[We] have long since entered into a new paradigm – a space of no return – a free-flowing system of ‘circulation’ that circumscribes and influences everything from the government to love.
In Steyerl’s view of an updated version of circulationism as a mode of production, the contemporary relations based on sharing and uploading user-generated data cross the limits of the Internet and enter the so-called material reality with direct political impact. The artist sees this as the actual revolutionary potential of a culture dominated by digital technologies, if indeed put to productive (i.e. radical) use. Moreover, like Jonathan Crary, Steyerl claims that cultural production, distribution, and consumption as the driving forces behind the attention economy are tightly embedded in the medium aesthetics themselves; we should not analyse one while disregarding the others. In her text ‘Too Much World: Is the Internet Dead?’, Steyerl seemingly borrows Steven Shaviro’s notion of the Internet as undead when focusing on the shift the status of images has undergone within a simultaneously passive and omnipresent environment. Accordingly, images get altered – they modulate once they cross the screen’s threshold, such as when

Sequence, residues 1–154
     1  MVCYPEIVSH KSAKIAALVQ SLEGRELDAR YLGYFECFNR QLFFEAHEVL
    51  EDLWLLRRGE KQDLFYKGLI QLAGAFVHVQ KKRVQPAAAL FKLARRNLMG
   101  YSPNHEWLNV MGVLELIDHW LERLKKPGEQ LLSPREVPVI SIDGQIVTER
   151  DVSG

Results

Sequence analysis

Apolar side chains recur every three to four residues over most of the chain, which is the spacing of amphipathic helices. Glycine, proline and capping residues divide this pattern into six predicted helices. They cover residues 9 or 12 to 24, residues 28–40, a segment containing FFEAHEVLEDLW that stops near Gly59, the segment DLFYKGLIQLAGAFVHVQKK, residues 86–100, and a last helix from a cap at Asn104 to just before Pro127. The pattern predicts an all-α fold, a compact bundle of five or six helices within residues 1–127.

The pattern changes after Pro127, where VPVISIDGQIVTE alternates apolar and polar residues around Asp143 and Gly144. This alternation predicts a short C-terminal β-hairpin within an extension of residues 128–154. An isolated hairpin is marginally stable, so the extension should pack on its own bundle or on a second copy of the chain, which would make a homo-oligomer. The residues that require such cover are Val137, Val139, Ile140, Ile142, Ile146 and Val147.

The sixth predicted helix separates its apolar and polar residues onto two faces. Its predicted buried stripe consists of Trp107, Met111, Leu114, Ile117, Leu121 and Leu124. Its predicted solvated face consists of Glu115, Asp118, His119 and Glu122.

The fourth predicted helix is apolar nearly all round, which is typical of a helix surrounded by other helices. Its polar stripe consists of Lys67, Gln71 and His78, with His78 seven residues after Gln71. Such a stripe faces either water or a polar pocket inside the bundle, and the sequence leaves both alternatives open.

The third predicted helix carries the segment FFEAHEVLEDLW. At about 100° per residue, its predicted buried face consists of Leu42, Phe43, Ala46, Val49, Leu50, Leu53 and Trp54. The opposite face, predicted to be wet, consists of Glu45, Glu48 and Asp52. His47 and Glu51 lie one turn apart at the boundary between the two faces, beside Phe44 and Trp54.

[a] nail paint clip turns into an Instagram riot. An upload comes down as a shitstorm. An animated GIF materalises as a pop-up airport transit gate.